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Despite a slowdown in Canada’s economy, exporting is still a priority for entrepreneurs. According to a recent survey by KPMG Enterprise, one half of Canadian firms will not alter their expansion plans, even with a shaky global economy.
“Regardless of the current economic climate, private Canadian companies still see opportunities for continued growth and revenue abroad,” says Beth Wilson, National Leader of KPMG Enterprise, “In fact, one-third of the companies we surveyed indicated they would continue to increase their expansion activity regardless of the downturn.”
Some 53% of the 200 CEOs polled say their decision to do business abroad was primarily influenced by the target country’s economy, while 47% say the decision was based on their firm’s internal growth plans. Other factors cited include the local economy (38%) and the overall Canadian economy (32%).
Still, not all Canadian business leaders are so bullish. One-fifth of respondents said they have curtailed their export ambitions, citing the value of the Canadian dollar relative to other currencies and challenges in selling to an ailing U.S. economy.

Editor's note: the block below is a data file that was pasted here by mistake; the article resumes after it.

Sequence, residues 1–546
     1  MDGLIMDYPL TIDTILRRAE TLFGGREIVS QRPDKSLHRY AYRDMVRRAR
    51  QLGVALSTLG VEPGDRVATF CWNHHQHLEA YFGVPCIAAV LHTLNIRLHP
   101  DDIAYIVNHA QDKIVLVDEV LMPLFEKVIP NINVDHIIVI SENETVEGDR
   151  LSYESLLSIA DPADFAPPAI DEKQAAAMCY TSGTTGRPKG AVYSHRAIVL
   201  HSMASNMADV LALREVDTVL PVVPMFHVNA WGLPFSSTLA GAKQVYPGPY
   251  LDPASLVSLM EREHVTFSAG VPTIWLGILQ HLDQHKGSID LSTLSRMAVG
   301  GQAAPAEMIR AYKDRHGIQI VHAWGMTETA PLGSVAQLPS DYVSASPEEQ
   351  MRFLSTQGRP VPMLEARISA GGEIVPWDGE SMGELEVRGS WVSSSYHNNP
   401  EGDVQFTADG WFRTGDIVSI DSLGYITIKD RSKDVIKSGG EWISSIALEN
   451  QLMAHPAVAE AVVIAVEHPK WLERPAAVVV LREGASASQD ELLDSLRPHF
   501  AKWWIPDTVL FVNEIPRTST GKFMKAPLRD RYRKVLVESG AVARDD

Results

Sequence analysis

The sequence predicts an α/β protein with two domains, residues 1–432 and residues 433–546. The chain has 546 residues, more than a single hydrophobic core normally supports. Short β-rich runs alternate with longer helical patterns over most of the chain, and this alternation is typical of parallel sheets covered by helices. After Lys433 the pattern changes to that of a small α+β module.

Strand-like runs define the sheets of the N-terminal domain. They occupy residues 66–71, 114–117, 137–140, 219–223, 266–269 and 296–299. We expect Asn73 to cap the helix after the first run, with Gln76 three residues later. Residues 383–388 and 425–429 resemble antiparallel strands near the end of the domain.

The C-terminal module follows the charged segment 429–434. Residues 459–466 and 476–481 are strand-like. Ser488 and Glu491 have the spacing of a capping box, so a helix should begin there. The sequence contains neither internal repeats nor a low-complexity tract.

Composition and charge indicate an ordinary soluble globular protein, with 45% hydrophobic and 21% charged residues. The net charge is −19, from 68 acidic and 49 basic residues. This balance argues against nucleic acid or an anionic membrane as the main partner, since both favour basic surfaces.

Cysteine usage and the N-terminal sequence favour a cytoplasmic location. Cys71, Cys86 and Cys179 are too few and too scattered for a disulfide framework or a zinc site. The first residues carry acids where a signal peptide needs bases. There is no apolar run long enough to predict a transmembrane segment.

Even among export proponents there are challenges in raising revenue from foreign operations. One-half of those firms that export said less than 40% of their revenue came from non-Canadian operations, and 50% said they expect their overseas operations will grow by less than 20% in the next five years. Not surprisingly, dollar fluctuations and financial risk were among the top challenges.
Aside from the risks and challenges, there is clearly a strong rationale for continued growth abroad, says Wilson. “At one time, going global was seen as a competitive advantage for big companies. We are now seeing this trend emerge among privately held companies in order to maintain their continued growth and success”
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Pictured: Erna Collins, Orillia Works.